As neat as I thought it was and as glad as I was to be a servant rather than be served on, Titus made my day. When he got home he told Marcia all about his fire fighter adventure. I began by asking him, “Do you want to tell mommy what happened today?” he looked at her, smiled and said, “Daddy saved the day!” Once again, I feel humbled.

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My one and only poem

Posted on June 10, 2008. Filed under: Spiritual Musings |

This is why I don’t write poetry, cause I suck at it. Here is a poem I wrote after looking at some titles for blogs that I’d typed up. I thought to myself, “Hey, self, that looks like a poem in the making.” So I did a little editorial work to it and added some stuff and thought I’d give this poetry thing a try. Let me know what you think, seriously, I want to know if I’m hurting the world by writing tripe like this.

Longing for your company again
It’s been lonely without you
Don’t know what to do next
Just sit here and wait for you to call

But you don’t

It feels different this time
We’ve lost touch for so long
I need your help again
I think I can trust you now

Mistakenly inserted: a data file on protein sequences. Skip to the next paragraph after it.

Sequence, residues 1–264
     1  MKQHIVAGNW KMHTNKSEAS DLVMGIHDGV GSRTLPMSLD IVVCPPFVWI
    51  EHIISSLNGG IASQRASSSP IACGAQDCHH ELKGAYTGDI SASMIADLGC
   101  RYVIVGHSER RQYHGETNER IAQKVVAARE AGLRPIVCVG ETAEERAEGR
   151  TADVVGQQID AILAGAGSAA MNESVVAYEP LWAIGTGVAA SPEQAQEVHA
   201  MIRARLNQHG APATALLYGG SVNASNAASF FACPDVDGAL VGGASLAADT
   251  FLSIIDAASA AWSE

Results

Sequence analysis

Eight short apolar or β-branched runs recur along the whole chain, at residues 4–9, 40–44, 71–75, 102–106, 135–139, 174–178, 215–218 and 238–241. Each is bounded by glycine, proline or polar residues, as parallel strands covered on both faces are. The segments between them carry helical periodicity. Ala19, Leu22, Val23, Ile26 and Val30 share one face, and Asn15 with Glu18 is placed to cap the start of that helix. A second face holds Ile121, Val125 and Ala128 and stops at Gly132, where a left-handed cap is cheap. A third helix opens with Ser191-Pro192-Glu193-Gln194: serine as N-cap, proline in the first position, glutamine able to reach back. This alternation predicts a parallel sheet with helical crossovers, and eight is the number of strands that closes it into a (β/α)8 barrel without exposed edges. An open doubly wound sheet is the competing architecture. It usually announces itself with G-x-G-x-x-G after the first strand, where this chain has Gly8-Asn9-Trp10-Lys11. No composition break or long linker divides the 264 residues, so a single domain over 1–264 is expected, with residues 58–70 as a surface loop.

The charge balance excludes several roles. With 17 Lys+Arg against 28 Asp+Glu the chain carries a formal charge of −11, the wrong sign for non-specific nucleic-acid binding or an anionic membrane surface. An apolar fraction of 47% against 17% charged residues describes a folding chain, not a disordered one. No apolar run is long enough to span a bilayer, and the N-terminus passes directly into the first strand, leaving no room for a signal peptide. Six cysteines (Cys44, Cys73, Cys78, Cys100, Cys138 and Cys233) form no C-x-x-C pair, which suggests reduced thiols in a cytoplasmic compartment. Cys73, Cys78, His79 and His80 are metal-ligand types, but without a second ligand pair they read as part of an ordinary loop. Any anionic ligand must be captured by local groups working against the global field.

I’m sorry

I know you’ll pick up when I call
All I have to do is finish dialing
It’s so much easier when you move first
I think I can hear you breathing

You’re so quiet

Sometimes I think I hear you whisper
Gossamer beating against the air
Was that your shadow on the wall?
If I squeeze my eyes shut, I can see you

I can’t focus

Was that you calling my name?
No, it’s just my imagination right?
One day we’ll see eye to eye
The fire will eventually smolder

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Taking Stock

Posted on June 10, 2008. Filed under: Spiritual Musings |

There are times in everyone’s lives that they stock of where they are, what they’ve done and where they are going. About a year ago I’d gotten into quite a deep depression because I was taking stock of my life every couple of hours and coming up wanting. Thankfully my life began to get some traction again and I don’t spend the majority of my days lamenting the path that I’ve taken. Not that it’s not wise to do that every once in a while, just not all the time.